I actually did have one [good] day there and I just enjoyed driving through. I spotted some lichen in a tree and that was my best shot. I'd say, don't chase epic shots or try any grand tours in such a short time; just pick a spot that feels right, enjoy what you see and let your instincts guide you. If there's a good shot to take, take it. If not, just breathe the nice air.
Only one day.....Go see Ansel's work at the AA Gallery. Dawn on the valley floor can be just wonderful (fog if you are very lucky). Have Fun!
And while there you could ask to look at my work -- a few carbons and a few platinum prints.
Originally Posted by jgjbowen
At least with LF landscape, a bad day of photography can still be a good day of exercise.
"Crassly"? Oh, ROL, you make me LOL. Steady, my friend, not worth getting bent out of shape about.
Originally Posted by ROL
It's me, too. Been to Yosemite twice and not exactly added anything significant to my body of work. I've been to San Xavier del Bac several times looking for AA's tripod holes, and finally came to the conclusion that it had "been done", and by better folks than me. Seriously, I've come to a point where I want to see things more than I want to photograph them; especially things that have been photographed to death. I travel a lot lighter these days. Just because I am a photographer, I don't need to take a camera everywhere. I also have a degree in music, but don't feel the need to play every piano I see.
Originally Posted by Michael R 1974
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It's me, too. Been to Yosemite twice and not exactly added anything significant to my body of work. I've been to San Xavier del Bac several times looking for AA's tripod holes, and finally came to the conclusion that it had "been done", and by better folks than me.
Originally Posted by Michael R 1974
Seriously, I've come to a point where I want to see things more than I want to photograph them; especially things that have been photographed to death. I travel a lot lighter these days. Just because I am a photographer, I don't need to take a camera everywhere. I also have a degree in music, but don't feel the need to play every piano I see.
To the OP, If I did go to photograph and only had one day, I'd stick to the valley.
Heck. For decades I had a ranch just down the hwy a ways, but never took more than six shots in Yos Valley in
my entire life. Most were done on a single day during a heavy Jan snowstorm when nobody could get into the
park and I left my truck parked right in the middle of the road (no turnouts were plowed that day). Me and my
nephewe hacked our way up a big ice cone below El Cap Fall and I chiseled the top off with the ice axe for a
tripod platform for my Sinar. Been through the Valley countless times returning from backpack trips on the east side of the Sierras. Plenty of things to photograph there obviously, but I just prefer a lot more solitude - which
is in fact easy to get in Yosemite Park per se, as long as one avoids the Valley and the Tuolumne area, and a
couple of other spots. In summer the Valley can be so filled with smoke that one can barely see the rim. Don't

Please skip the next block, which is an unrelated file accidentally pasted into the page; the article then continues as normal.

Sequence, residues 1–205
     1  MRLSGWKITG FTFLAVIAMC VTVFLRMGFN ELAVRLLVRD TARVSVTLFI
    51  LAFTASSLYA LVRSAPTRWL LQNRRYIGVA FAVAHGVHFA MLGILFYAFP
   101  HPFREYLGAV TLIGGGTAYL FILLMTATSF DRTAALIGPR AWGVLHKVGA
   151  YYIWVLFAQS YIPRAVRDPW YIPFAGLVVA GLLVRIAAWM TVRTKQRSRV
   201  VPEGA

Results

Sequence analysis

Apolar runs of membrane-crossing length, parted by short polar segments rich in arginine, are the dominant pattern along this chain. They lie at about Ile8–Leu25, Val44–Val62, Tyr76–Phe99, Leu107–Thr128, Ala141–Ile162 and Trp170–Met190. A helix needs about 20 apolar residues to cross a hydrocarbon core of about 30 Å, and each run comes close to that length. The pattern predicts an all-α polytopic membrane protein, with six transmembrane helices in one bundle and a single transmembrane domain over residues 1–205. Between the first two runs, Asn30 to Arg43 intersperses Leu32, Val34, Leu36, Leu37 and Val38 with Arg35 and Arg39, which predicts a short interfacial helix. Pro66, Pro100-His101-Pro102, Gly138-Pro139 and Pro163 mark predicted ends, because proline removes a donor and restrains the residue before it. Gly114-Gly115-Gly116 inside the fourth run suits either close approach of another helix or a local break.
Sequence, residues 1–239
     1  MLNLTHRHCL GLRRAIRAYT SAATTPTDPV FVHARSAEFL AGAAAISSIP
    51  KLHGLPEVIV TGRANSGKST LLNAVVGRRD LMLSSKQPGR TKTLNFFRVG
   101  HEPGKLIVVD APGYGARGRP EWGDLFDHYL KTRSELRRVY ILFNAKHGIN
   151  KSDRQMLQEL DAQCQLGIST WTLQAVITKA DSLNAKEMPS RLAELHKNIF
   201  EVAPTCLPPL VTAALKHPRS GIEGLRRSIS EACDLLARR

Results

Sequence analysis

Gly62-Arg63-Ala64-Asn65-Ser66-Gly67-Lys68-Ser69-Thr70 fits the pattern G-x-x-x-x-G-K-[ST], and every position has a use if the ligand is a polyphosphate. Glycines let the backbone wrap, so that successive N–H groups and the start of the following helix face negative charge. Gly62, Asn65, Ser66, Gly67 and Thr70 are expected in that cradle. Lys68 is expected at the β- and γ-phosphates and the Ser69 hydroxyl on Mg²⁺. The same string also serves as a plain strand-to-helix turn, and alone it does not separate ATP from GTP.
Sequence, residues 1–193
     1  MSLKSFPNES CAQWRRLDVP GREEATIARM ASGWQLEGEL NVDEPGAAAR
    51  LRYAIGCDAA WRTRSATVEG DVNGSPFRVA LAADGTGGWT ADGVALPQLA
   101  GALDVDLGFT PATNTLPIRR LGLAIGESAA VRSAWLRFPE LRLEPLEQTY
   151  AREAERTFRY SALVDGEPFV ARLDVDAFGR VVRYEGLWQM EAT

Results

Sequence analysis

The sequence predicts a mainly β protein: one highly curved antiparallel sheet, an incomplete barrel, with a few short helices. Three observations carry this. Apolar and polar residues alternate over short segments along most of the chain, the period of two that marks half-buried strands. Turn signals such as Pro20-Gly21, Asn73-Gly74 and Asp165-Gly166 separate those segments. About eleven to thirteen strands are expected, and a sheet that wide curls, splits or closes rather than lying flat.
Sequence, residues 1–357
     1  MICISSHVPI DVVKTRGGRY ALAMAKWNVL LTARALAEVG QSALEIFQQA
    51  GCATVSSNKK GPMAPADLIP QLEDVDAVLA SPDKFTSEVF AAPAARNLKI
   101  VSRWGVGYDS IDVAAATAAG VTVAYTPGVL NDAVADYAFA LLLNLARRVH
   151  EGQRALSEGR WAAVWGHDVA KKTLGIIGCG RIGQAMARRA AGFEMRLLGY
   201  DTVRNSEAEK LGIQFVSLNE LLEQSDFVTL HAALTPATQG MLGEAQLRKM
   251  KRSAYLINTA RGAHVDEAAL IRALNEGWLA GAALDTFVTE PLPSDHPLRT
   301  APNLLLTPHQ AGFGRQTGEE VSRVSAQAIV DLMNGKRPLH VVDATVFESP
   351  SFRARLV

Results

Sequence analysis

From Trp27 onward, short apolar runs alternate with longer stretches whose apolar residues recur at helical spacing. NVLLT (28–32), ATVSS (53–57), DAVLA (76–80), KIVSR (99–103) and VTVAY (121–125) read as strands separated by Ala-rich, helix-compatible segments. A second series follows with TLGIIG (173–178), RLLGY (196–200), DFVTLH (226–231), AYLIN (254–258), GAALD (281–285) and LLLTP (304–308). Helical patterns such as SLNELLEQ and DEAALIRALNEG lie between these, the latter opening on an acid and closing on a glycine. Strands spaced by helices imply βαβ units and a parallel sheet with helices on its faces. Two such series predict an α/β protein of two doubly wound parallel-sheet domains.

know why they allow campfires. It's hot and smoggy at that elevation anyway in Summer, and more of a theme
park. Should be nice right now however, with snow forecast.
Originally Posted by billbretz
Not bent out of shape at all, another of your inaccurate statements. Simply correcting ignorance using appropriate terminology. Your characterization of an incident for which you have no reference is simply lacking in sensitivity, refinement, or intelligence (i.e., crass) to the memory of a man whose importance to the history and environment of the park in question is bettered only by Muir and, perhaps, Adams. I indicated in my post that I agreed with your advice. And once again, I do agree, someone obviously is "bent out of shape". If you care to avoid bending in the future, use due diligence before before relating matters of fact, and provide source.
Last edited by ROL; 03-16-2012 at 11:57 AM. Click to view previous post history.
For those of you who think it all been done before by AA, you should dig the archives here at the Oakland
Museum to see the work of photographers doing remarkable work in Yosemite before AA was even born.
Even the same tripod holes won't fetch the same shot - never will. When I was a kid my older brother would
save up his money for those big glossy Eliot Porter coffee table books. I'd flip through the pages with a sheet
of cardboard to visualize my own "crop" of the scene - which was always tighter than Porter's. Then the light
is rarely the same twice. I've had well-known photographers dump their workshops on me so they could wander
off and do their own thing in peace. "Just follow the guy with that big camera". Annoying - but even standing
side by side they'll never get the same shot. Too many nuances.
I agree with most of the responses, that there really isn't time in a one day first visit to really appreciate where to point the camera. So point it everywhere and don't worry about getting that perfect landscape shot. Take lots of photos, yes, but don't let that distract you from spending time appreciating the place. Don't sit it one spot, instead, find several, get a feel for the place. Plan to come back with a plan and a week if you wish.
I like the valley floor in the early morning.
Regarding your film, my only comment is that it doesn't feel like a Tri-X location to me, but that's probably just me. At Yosemite I like color and fine grained black and white. I might suggest saving the Tri-X for the San Francisco streets - but be careful waiving that big expensive looking 645 around in the middle of the city, especially in the Mission and Market Street areas (where the Tri-X grain seems most appropriate to me...)
I'm sure others have perfectly good opinions that are opposite of mine... ;-)